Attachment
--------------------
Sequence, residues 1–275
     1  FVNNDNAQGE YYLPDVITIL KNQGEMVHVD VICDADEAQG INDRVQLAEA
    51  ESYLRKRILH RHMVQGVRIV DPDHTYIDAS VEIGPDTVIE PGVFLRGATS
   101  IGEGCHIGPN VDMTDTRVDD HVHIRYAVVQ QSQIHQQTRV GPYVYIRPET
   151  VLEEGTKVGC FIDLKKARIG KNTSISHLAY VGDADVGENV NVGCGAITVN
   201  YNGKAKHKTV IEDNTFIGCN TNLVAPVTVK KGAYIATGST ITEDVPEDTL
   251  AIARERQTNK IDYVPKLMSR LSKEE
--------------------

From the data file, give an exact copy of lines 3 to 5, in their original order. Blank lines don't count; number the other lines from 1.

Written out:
    51  ESYLRKRILH RHMVQGVRIV DPDHTYIDAS VEIGPDTVIE PGVFLRGATS
   101  IGEGCHIGPN VDMTDTRVDD HVHIRYAVVQ QSQIHQQTRV GPYVYIRPET
   151  VLEEGTKVGC FIDLKKARIG KNTSISHLAY VGDADVGENV NVGCGAITVN